Just outside London, a test is underway to see if it’s possible to power commuter trains by solar power.
At a certain level, the railways are already using renewable supplies such as solar power, only they do so indirectly through supplies bought from the National Grid. Plugging solar panels into the railway may sound like an obvious and simple thing to do — which is exactly why it’s none of those at all.
There are some substantial advantages though, but only if they can overcome some really irritating technical issues.
One of the biggest benefits would be efficiency, as a conventional solar supply pumps into the National Grid, which converts the solar array’s DC electricity into its AC requirements. When the National Grid supplies it to the railways to power their trains, it’s turned back into DC supply — and that conversion process loses around 4-5% of the electricity originally generated.
Cut the losses by pumping DC solar power directly into DC absorbing railways and you lower the cost of providing the same amount of energy – making solar power more affordable.
The really big problem is supply and demand rarely align with each other.
Not just that solar power is variable thanks to the vagaries of the weather, as it’s often far more stable than you might expect from the British climate, but that the demand from the railways varies wildly depending on how often trains pass through the area being supplied by the solar panels.
Lots of trains on a busy railway and there’s always a train wanting power, but on quieter routes, you can have periods of no demand at all, followed by a big spike.
The whole project actually started down on the London-Brighton railway, in the town of Balcombe, where an opportunity to install a large solar array hit an expensive problem. It could have generated more power than the local town would need, but the National Grid in the area was already “full” and couldn’t take any more supply without an expensive upgrade.
The climate charity 10:10 which was developing the solar array wondered why they couldn’t sell the surplus to the mainline railway that just happened to run right through the centre of the town. In came a bunch of researchers, led by Professor Tim Green, Director of the Energy Futures Lab, Imperial College London – and they got to work.
Not only is solar power conveniently the same sort of DC supply that the railways want, most commercial solar panels output power at between 600 and 800 volts, which happens to be within the range that railway requires of 750 volts – thus reducing costs and complexity.
Typically, electricity substations on the railway are spaced 2km-8km apart, and they provide the power to their local section of track. As a train passes through, the power demand rises, then falls away. If there are lots of trains, it’s possible that the power consumption level will be relatively stable, but away from the centre of cities, it’s likely that power levels will rise and fall quite a bit, so the demand for electricity is — at a local level — very intermittent.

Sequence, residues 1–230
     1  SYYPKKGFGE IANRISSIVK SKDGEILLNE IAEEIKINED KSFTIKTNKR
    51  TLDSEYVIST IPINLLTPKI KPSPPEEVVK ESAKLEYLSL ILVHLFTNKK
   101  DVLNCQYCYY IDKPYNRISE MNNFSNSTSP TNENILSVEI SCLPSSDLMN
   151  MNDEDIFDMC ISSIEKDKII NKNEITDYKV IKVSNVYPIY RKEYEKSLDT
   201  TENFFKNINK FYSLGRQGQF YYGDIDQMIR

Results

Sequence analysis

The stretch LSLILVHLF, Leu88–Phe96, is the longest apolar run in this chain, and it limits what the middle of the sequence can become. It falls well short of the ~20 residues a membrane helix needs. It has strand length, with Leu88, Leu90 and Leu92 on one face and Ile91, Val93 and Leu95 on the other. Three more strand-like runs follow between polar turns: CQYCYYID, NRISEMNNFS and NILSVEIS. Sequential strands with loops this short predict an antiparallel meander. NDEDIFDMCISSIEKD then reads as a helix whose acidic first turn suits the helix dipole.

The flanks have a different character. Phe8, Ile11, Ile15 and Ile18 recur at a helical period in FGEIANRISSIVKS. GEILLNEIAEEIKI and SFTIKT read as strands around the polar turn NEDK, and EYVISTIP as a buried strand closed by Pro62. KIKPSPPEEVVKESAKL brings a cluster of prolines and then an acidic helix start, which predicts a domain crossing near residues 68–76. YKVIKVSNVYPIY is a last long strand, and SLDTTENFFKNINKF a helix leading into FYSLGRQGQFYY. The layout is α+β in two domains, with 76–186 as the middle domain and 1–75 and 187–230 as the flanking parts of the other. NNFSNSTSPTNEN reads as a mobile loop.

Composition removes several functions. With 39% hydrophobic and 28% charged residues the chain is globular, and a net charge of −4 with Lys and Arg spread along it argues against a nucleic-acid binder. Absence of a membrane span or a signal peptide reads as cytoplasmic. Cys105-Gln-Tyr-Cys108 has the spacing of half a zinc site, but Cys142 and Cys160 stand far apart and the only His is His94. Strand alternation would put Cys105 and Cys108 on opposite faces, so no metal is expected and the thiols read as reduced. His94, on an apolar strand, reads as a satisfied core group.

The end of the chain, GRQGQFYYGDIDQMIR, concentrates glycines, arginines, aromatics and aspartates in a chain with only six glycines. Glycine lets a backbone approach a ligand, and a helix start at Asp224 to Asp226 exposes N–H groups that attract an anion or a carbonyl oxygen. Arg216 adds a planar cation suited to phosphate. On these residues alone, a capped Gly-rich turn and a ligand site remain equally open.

What’s been looked at by a company set up for this project, Riding Sunbeams is how to ensure that solar power pumped into the railway doesn’t overload during the quiet period and can be ramped up instantly a train demands more juice. Issues such as regenerative braking, where a slowing train converts braking energy back into electricity for the other trains in the circuit to use adds to the complexityy of managing a stable supply from the solar arrays.
High-speed discharge storage, such as supercapacitors and flywheels have been looked at to quickly dump a lot of stored energy into the railway when needed — amongst more conventional batteries to act as storage when power is generated, but not needed.
And of course, the whole lot cant interfere with radio and signalling systems. The research has reached a point though where live trials are about to begin.
Just outside Aldershot station on the line into Waterloo, the team at Riding Sunbeams have been building a solar array. Initially, their relatively modest-sized 30 kilowatts ‘First Light’ demonstrator array will connect to an ancillary transformer on the traction system to supply power to lights and signalling equipment.
Riding Sunbeams will then use real-world performance data from the test unit to build and validate modelling for much larger volumes of solar power to be injected directly into the DC traction network.
If the test is a success then it could open up an entirely new way of powering the railways. It’s not just that the power is clean, but that it’s also distributed in small pockets all along the railways, making the power supply more resilient to power cuts (which of course never happen any more — do they?).
It’s estimated that solar power could supply up to a tenth of the total power needed by the railways – or around 0.1% of the UK’s total electricity demand. Estimates by Riding Sunbeams suggest that widespread deployment in the Southern rail region would shave around 4% off their traction electricity bill – and 13% off the associated carbon emissions.
All going well with the tests, they hope to start pumping direct solar powered electricity into the live railway network from next year.
The trial project has been funded under the Department for Transport and Innovate UK’s First of a Kind competition.